Baylor’s Tyquan Thornton May Be The Answer To The Steelers Need For Speed

If you watched the Steelers this season, you may have noticed that one missing piece of the puzzle is a wide receiver that can get separation or “take the top of the defense” as we often call it. It certainly makes sense to add a player like that to the 2022 NFL draft wish list. Good news, folks, because that wish may have been answered and his name is Tyquan Thornton, WR from Baylor University. I had a chance to sit down with him for a few minutes at the East West Shrine Bowl week in Las Vegas to learn more about this young man whose draft stock will likely be rising over the next month.

Originally from Florida, Tyquan attended Booker T. Washington High School, where he racked up more than 1100 receiving yards and even logged some snaps at QB (can you say future trick play?). Coming from Miami, he says he wanted to experience living somewhere different. During an official visit to Baylor, he met with then-HC Matt Rhule and was impressed by the positive energy in the program, describing it as having a family oriented feel. He committed early to Baylor University and despite coming in at a very slim 149 pounds, he worked hard to gain muscle weight and earned a helmet as a true freshman. He appeared in all 13 games, making two starts, and finished his first year in Texas with 20 receptions for 354 yards, 3 TDs, 5 kick returns for 83 yards and 2 rush attempts for 2 yards.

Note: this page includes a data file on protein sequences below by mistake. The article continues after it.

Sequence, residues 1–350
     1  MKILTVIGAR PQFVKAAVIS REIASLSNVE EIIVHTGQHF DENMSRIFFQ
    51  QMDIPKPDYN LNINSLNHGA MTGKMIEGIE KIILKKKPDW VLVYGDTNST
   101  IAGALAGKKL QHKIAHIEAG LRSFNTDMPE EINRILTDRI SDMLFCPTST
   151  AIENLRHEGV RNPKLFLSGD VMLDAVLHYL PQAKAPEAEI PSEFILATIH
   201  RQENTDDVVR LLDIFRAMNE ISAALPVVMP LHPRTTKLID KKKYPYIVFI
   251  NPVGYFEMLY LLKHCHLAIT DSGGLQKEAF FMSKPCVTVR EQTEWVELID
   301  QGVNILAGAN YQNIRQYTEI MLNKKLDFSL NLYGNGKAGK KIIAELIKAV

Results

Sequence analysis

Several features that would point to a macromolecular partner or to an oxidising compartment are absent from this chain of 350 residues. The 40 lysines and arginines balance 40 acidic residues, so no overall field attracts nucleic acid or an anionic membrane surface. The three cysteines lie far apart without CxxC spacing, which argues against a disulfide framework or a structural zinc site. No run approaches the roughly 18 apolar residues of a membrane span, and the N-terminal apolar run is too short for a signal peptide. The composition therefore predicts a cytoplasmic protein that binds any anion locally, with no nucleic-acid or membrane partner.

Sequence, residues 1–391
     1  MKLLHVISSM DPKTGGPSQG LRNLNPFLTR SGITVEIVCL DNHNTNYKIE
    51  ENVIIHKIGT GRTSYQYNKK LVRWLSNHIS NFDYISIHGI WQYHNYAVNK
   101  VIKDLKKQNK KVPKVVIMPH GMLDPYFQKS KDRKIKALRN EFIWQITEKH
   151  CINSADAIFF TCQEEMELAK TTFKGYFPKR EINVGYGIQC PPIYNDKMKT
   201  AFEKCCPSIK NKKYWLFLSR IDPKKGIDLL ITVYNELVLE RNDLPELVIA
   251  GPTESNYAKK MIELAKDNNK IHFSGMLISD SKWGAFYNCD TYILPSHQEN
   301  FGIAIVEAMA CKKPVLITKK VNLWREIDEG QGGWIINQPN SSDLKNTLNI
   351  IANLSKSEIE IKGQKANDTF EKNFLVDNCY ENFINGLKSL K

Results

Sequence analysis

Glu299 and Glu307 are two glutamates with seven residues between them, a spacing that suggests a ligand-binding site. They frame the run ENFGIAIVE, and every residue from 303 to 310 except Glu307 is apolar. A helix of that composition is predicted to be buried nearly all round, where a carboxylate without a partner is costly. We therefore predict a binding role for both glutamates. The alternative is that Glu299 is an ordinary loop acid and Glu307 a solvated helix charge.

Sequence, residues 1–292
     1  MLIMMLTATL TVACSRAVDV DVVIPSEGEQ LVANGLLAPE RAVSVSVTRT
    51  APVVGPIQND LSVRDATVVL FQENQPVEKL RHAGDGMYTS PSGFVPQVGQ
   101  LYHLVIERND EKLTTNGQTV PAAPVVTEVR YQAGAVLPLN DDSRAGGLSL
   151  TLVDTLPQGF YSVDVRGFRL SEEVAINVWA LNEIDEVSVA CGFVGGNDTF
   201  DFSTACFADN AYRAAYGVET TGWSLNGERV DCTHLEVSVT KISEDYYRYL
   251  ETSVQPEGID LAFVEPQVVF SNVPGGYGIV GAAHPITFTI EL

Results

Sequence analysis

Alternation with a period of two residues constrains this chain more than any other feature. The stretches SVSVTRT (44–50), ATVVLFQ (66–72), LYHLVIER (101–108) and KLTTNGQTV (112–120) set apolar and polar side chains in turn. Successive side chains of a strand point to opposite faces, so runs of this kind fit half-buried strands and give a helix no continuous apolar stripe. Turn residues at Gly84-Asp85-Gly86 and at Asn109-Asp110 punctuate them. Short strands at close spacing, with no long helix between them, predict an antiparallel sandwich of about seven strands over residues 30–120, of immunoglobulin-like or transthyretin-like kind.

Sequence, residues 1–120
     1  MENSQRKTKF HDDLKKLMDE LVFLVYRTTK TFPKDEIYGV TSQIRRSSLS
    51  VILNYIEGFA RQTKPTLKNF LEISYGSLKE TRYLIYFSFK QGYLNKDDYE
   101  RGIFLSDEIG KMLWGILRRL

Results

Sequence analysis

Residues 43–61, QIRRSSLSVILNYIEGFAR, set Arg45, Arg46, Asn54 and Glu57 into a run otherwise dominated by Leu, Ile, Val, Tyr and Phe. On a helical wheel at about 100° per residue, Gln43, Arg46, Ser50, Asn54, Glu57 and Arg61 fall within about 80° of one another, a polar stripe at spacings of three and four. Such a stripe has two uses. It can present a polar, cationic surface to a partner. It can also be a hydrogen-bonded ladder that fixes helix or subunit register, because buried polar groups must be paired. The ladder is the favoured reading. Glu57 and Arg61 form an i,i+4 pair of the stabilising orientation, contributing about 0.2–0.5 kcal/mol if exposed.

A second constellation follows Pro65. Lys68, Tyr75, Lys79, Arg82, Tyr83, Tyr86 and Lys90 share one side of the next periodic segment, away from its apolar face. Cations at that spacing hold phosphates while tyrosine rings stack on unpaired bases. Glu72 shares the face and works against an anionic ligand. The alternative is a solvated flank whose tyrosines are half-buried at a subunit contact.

Tyquan was lucky to share the wide receiver room with Denzel Mims and Jalen Hurd and he credits them with providing guidance on everything from running routes, to taking care of your body and putting in the extra work outside of the mandatory hours that is part of a normal NCAAF player’s routine. All that effort paid off, as he made the jump to his sophomore year, logging 45 receptions for 782 yards and 5 TDs.

His junior year was complicated by the Covid-19 pandemic and limited to 6 games. There was the additional challenge of learning a new playbook with a new head coach, all by Zoom meetings. As Tyquan explained, it was hard to build relationships with the new coaching staff and bond with his teammates, which impacted his play on the field.

He attacked the offseason prior to his senior year to build on what he had already learned and get to the next level.

“I can say coming to the spring, I just had that internal clock in my head like, yo, this is the time, you know, last year I didn’t really play at my best, so that was kind of like a little setback for me. So mentally, I came into this off season working 10 times harder, in the weight room, on the field, working on being stronger at the catch point, working on contested catches, route running.”

He also talked about the importance of having wide receivers Coach Chansi Stuckey in his corner. Tyquan shared that he had a strong bond with this coach, who helped him grow both with regard to his play on the field as well as his devotion and faith.

All that effort in the spring and summer paid off in the fall, when Thornton tallied 62 catches for 928 yards with an average of 15.3 and a long of 75 yards and 10 TDs.  361 of those yards came on 1st down receptions for an average of 19 yards per reception.